For the frequented places, begin with the basics. Janet Evanovich does a good job with that. As Stephanie Plum approaches her parents’ house in the Burg, she describes the neighborhood, then the house—its type and basic layout. When she enters the home, there’s a few more telling details. In the sequels, she adds more where necessary to create a mood or flesh out the parents’ personalities. In each book, she briefly retells those basics in a different way—enough for a new reader, but not enough to bore the returning fan.

(Here's more on if you're choosing the right details to add to your story)

From High Five (the 5th in the series):
My parents live a couple blocks behind St. Francis on Roosevelt Street. Their house is a duplex built at a time when families only needed one bathroom and dishes were washed by hand.
An added detail for her 5th book:
My mother rolled her eyes and ushered me into the kitchen. “Have a cookie,” she said, setting the cookie jar on the small Formica-topped kitchen table.
When you read ‘Formica-topped kitchen table’, what did you see? I saw a blue-speckled, shiny laminate surface with some scratches and faded areas, rimmed by chrome and standing on skinny chrome legs. I saw a napkin holder and salt and pepper shakers. She didn’t need to tell me about those or the chrome. Evanovich may well see it as a red Formica, but that doesn’t matter. With a few words, she created a complete atmosphere/setting for the kitchen that my mind instantly filled in—because of that table. Her brief introduction of the house gave me enough to understand and see the table not as in pristine shape, but one that was well-used.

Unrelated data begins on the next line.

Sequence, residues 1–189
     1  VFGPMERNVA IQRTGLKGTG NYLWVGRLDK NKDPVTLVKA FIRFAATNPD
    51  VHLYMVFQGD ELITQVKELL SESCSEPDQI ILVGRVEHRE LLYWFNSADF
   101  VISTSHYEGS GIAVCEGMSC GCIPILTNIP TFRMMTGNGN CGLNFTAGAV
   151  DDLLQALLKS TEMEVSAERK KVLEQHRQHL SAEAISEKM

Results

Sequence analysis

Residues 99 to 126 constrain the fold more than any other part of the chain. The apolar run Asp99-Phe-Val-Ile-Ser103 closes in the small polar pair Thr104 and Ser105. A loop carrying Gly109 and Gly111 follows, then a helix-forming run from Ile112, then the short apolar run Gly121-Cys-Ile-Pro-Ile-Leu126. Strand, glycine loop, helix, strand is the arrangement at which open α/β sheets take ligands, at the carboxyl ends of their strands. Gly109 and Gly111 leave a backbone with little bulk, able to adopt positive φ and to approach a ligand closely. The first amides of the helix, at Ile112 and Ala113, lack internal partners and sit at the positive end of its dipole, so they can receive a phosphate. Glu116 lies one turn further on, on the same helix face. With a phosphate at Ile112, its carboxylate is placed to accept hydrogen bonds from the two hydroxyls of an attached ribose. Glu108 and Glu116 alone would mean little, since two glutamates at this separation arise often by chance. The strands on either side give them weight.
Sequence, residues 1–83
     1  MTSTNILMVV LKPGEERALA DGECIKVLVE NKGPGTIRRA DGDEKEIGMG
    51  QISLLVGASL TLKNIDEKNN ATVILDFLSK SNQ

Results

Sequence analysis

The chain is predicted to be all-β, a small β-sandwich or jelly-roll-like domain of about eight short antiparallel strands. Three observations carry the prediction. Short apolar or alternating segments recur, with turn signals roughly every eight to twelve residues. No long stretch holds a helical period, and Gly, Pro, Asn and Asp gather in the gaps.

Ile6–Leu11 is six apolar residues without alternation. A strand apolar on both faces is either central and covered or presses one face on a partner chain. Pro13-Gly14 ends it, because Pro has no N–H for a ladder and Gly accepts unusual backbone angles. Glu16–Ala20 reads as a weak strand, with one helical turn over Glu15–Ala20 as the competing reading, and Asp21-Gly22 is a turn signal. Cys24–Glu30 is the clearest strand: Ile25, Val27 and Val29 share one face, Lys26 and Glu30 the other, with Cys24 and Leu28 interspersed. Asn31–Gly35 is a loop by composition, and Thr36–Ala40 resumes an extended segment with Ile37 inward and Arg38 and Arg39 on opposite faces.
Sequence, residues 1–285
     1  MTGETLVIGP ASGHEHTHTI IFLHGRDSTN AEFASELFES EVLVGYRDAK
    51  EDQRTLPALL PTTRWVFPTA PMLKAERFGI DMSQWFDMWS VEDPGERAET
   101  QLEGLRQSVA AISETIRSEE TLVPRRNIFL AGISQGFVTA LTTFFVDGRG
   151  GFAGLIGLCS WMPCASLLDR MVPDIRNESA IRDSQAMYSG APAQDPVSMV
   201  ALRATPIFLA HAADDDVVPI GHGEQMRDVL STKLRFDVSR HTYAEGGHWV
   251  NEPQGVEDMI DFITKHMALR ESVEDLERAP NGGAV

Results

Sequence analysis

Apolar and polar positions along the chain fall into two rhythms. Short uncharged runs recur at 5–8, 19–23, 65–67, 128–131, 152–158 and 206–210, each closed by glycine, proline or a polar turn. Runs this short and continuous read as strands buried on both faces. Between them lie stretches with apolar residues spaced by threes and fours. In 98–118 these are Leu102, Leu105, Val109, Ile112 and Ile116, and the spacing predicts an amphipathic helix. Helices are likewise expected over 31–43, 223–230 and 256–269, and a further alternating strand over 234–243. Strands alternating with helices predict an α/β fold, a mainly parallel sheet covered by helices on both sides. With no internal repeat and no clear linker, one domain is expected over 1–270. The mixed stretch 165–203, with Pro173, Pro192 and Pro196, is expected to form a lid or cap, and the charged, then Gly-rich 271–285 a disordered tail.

Being in the head (POV) of a character that isn’t familiar with the setting can be a good way to get a description in.

(Here's are three things to consider when writing descriptions)

Imagine this setting:
Celine gawked at the wide entry hall, nearly losing her balance as she gazed up to the twenty-some-odd-foot gilded ceiling. White French doors on the right opened to a formal dining room, while an arch with intricate moldings beckoned visitors into a living room on the left.
Pretty easy, right? I’ll bet you put a chandelier of some sort in that entry hall when you pictured it. You saw the dining room table and the living room furniture, didn’t you? Pepper in more as needed to add to the atmosphere or character reveal. Add Celine’s reaction to the place to show more about her. She might think it’s ostentatious as hell, or she may be in awe and loving the luxury of it.

As for the infrequent locations, it depends. If the location will be used later in an action scene, try your best to introduce it a bit in an earlier scene. It’s difficult enough to write a smooth action/chase scene without having to describe all that they’re running through/fighting in at the same time.

For example, a visit to the costume warehouse to interview the office manager allows an image to be already present in the reader’s mind. Such as:
I approached the concrete building’s front entrance—a single tempered-glass door and no windows. Inside, a short, pea-green painted hall led to an open space with four banged-up desks, a copy machine, and a water cooler. On top of a row of tall gray file cabinets, two box fans blew the stale air around.
From a metal door in the middle of the back wall, a young woman emerged.